The second temple, the largest and most beautiful of all, called the Maharaja Vihara, is a temple of great kings. It comes from the first century BC, it measures 50 meters long and 6 meters high at its highest point. It is decorated with frescoes and statues of Buddha in various mudras. Some images are quite peculiar though. For example, one Buddha has twisted body, another one in the frescoes shows the creature pointing at the Buddha with a musket.





The third temple, Maha Alut Vihara, is also large and is adorned with frescoes and many statues of Buddha. It also features a statue of the temple’s founder, King Kirti Sri Rajasinha, which is presented quite unusually for Sri Lankan standards: he wears a crown in European-style, is dressed in trousers and two crosses hang by his belt.



Temples number four and fife are not too large. Fourth one (Pachima Vihara) in general is a bit unlucky – someone tried to raid into the stupa for robbery and damaged it (you can see some places after repair), and the figure of Buddha in mudra meditator has been profaned by a tourist and required restoration and purification rituals.
The fifth temple (Devana Alut Vihara) dates from the first half of 20 century, and has a 10-meter statue of dying Buddha made ​​of bricks and cement.

Seeing the entire complex takes me about 45 minutes. Of course, I took every occasion to rest in every possible place for that purpose, mainly steps. 😉


Just before leaving Rangiri I take the last rest in the aisle in front of temples and look at the macaques jumping on the ficus tree, that grows in the courtyard. I’m exhausted, but don’t have the strength to get up, and the wall is so pleasantly cool … I hope, that the monkeys will not pay attention to me, because I’m a little afraid of them, but instead of monkeys a young Sri Lankan bothers me:
“Hi, where are you from?”
“Poland,” I answer. Gosh, I do not want to talk to him!
“Mhm,” I wonder what is so great in this fact.
“Where is it?”
“In Europe…”
“Great! I’m from Dambulla.”
“Why are you sitting here?” My lack of enthusiasm doesn’t despirit him at all.
“I’m taking a rest.”
“How old are you?” In Europe we would say that somebody should not ask a woman about her age, but we are not in Europe. The rules of savoir vivre that we are taught from childhood, have no value here, so I left them at home, and answer the boy truthfully.
“Are you married?”
“I am.” I show him my ring for the evidence.
“And where is he?”
“At home.”
“Whyyyyy?” asks the boy in very mirthful-surprised way.
Oh, really! Do I really have to explain this?
“He works as a teacher and in Poland there’s no holiday now, so he is at work.”
“Do you have children?”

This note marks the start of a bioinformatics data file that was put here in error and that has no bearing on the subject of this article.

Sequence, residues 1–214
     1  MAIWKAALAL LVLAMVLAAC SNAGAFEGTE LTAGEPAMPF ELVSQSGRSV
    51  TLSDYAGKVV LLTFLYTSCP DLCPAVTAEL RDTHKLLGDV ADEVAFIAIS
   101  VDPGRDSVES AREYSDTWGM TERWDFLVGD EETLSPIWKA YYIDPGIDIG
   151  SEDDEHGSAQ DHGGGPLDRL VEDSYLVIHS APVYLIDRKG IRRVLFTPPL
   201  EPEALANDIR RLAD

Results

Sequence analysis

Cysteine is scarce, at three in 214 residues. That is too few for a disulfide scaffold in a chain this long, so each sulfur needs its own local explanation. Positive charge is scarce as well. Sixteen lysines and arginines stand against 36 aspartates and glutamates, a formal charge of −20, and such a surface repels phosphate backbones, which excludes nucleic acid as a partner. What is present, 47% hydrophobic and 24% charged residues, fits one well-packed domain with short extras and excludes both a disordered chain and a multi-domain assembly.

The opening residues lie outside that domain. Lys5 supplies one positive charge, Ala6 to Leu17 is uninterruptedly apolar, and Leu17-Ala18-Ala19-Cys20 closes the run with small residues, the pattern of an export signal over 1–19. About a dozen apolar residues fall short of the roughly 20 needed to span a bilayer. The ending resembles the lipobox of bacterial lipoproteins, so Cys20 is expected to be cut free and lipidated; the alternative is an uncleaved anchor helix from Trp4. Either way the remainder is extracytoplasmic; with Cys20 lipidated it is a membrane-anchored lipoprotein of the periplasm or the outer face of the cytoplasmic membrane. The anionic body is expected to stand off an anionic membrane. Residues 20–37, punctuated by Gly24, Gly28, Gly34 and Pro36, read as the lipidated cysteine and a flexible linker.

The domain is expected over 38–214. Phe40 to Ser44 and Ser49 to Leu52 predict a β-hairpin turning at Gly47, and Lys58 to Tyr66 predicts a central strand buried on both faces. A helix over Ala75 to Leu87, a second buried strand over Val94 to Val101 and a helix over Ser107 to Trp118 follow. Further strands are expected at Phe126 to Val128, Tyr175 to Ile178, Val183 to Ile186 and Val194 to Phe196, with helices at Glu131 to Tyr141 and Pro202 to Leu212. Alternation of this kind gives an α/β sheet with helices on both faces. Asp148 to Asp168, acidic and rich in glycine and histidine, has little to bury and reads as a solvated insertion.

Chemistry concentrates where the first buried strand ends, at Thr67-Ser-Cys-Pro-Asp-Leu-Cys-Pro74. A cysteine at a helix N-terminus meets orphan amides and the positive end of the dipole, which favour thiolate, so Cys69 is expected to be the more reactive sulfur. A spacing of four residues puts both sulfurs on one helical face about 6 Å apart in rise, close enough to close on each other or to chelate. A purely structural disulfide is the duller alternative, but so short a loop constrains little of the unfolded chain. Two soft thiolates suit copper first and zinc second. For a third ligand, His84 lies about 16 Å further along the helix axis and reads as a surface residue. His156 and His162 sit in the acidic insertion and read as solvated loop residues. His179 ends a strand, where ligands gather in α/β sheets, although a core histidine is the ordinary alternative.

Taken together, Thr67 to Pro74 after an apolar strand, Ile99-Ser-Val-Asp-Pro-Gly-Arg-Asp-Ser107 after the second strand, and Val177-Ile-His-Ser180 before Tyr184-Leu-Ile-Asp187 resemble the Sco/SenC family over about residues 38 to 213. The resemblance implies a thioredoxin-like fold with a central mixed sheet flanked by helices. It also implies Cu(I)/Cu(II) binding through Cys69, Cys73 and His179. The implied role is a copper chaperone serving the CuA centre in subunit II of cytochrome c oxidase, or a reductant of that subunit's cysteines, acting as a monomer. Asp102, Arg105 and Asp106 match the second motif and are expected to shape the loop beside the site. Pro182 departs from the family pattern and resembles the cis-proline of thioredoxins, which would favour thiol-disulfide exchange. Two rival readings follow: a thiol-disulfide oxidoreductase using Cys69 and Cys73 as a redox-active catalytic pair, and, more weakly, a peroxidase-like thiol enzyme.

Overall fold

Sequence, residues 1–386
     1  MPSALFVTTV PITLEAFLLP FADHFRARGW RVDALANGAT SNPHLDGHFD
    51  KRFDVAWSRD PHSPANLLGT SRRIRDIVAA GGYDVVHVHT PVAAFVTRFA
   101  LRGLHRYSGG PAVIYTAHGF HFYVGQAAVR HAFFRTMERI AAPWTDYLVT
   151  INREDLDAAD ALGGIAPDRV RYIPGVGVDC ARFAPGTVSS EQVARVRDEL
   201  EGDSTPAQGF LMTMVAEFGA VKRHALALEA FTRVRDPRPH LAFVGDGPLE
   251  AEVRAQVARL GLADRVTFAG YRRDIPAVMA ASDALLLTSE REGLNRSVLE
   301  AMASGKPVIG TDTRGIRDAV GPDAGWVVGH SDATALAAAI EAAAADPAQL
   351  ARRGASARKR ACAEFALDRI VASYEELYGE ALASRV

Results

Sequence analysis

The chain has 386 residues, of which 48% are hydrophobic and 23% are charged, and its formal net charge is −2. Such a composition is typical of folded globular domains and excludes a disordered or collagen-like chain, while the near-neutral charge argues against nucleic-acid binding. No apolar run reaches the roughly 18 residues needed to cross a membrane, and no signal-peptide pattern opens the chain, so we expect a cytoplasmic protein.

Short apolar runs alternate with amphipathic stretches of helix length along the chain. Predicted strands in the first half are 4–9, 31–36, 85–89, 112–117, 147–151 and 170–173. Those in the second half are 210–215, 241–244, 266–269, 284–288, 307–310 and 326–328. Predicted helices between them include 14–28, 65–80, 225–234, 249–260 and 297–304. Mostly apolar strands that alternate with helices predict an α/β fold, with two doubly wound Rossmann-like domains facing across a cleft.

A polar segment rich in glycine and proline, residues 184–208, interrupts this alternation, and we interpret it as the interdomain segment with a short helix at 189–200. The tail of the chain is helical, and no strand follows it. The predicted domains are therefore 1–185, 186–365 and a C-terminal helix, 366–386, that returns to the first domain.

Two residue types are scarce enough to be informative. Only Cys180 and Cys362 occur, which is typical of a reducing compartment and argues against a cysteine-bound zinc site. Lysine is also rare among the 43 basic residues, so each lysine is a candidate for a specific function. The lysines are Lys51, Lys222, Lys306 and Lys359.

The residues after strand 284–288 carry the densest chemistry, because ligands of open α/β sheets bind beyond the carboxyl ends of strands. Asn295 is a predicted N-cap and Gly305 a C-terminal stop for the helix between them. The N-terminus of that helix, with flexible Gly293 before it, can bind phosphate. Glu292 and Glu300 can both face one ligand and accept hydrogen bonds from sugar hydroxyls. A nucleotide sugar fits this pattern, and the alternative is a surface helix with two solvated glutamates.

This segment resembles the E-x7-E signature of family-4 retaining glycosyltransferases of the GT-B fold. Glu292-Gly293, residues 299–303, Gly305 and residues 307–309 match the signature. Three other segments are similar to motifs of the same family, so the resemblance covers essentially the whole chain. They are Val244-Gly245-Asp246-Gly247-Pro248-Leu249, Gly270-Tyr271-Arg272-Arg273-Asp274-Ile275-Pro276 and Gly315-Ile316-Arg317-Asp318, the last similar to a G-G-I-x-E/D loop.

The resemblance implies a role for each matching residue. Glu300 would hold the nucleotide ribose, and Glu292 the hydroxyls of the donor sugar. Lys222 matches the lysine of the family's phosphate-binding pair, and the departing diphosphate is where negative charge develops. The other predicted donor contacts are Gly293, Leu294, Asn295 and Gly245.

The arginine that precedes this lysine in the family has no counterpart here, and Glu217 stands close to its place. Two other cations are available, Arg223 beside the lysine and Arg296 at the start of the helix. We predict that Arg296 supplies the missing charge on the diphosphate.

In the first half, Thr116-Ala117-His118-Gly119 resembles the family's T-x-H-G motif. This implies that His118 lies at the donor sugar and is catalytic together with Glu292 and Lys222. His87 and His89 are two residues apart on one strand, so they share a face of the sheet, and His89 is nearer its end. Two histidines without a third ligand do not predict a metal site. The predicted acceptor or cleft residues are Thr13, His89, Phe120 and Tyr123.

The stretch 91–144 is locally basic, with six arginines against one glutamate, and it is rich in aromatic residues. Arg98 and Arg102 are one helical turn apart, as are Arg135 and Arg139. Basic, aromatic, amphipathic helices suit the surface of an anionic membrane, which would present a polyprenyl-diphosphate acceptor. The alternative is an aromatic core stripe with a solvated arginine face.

“Not yet.”
“Because we don’t.”
“In Sri Lanka we have a lot of children at this age already.”
Interesting. Okay, I have to end this discussion.
“Listen,” I stand up slowly. “It was really nice to talk with you, but I have to go. Bye!”
“Okey okey!” The boy shakes his head in this characteristic Sri Lankan-Indian way, which I have not figured out yet (later I’ll find out that in Sri Lanka it means actually nothing special), and … follow me to the exit.
“Are you coming with me?” I ask stonily.
“Yeah, I’m leaving.”
“Listen, I’ll walk very slowly, because I feel bad. You can go now and not wait for me. I will not hurry.”
“Okey okey!” He shakes again his head in response, but he keeps my pace.
Well, we go down together.
The boy jabbers all way down, I only mumble in answer and every 5 minutes I tell him that he does not have to wait for me, but it doesn’t. At some point we come to a group Sri Lankan selling jewel cases, which open secretly. They’re really beautiful, but a little bit expensive for me (average of 3,000 rupees). Seller urges me to buy, persuades the boy who stucked to me to urge me too, but I will not give 3 000. Seller does not want to go down with the price, I’m leaving, but he finally agrees and gives me the price of 1,200 rupees. He says that today was no trade. Uh, everyone says so.
For a moment the boy goes out of my sight and I breath a sigh of relief that he was gone, but suddenly he comes out from a bush. And begins to chatter again.
“And where do you live?”
“In one of guesthouses.”
“You can stay with us. You have beautiful hair,” adds he and dabs my hair.
“Thank you, but don’t touch,” I move away from him.
“Whyyyyy?” mirthful-surprise again.
“I do not like that.”
“It is better to stay with us. Everywhere is full of fucking girls.”
“I beg your pardon?” I probably misheard.
“In every guesthouse is a fucking girl. In whole Sri Lanka there is a lot of fucking girls!”
“I haven’t noticed” I answer coldly. “Besides, I do not want to talk about it.”
“Just because. Simple”
“Are there any fucking girls in your country?”
“I do not want to talk about it.”
“Fucking girls are also on the website. Do you have internet with fucking girls?”
“Do you understand that I really do not want to talk about it?”
“Whyyyyy?” laughs the boy. He’s not embarrassed at all.
“I have a husband and I don’t know you, so I do not want to talk about it.”
“Your husband is a good fucker?”
So far this rascal has just drifted on an endless ocean of my patience, but this question is enough. I scold him, and the boy replies only with a smile “Okey, bye!” and runs away. Really, that’s all to get rid of fim? I should have done this earlier…

I shuffle to a tuck-tuck to go to my guesthouse. I’m disgusted a little bit by the behavior of that boy, exhausted, but overall happy that I was able to see the temple Rangiri (although the $10 entrance fee is quite high price) and enliven acidified muscles. In my room I fall into bed, I take loperamide and immediately go to sleep. Today’s mission “to survive till the evening” is accomplished.
Thank you, good night.



  1. Hi Hanna, I loved this post! I am a solo traveler in Sri Lanka at the moment. I’m sitting at a table eating fried rice and reading your blog because I’m planning the next stops of my travel and I have been finding your blog very helpful during my trip in Sri Lanka I’m not even going to this temple during my trip but I read all of your post anyway because you write really honestly and describe situations you find yourself in with the perspective of a Europian woman.

    I just had to comment on this post because I actually laughed so hard while reading about this conversation with the boy at the temple. I have obviously also had the pleasure to have these wonderful conversations with the locals, especially about the boyfriend/husband topic. I just found this really amusing and it sums up perfectly the level of average discussions with young local boys here 😀

    Thank you for making the effort of sharing your experiences, it is really helping fellow travelers a lot 🙂

    • Hahah, you’re welcome! It’s always good to know that my efforts in writing are useful or amusing to someone 🙂 Enjoy Sri Lanka and don’t talk to strange young boys 😀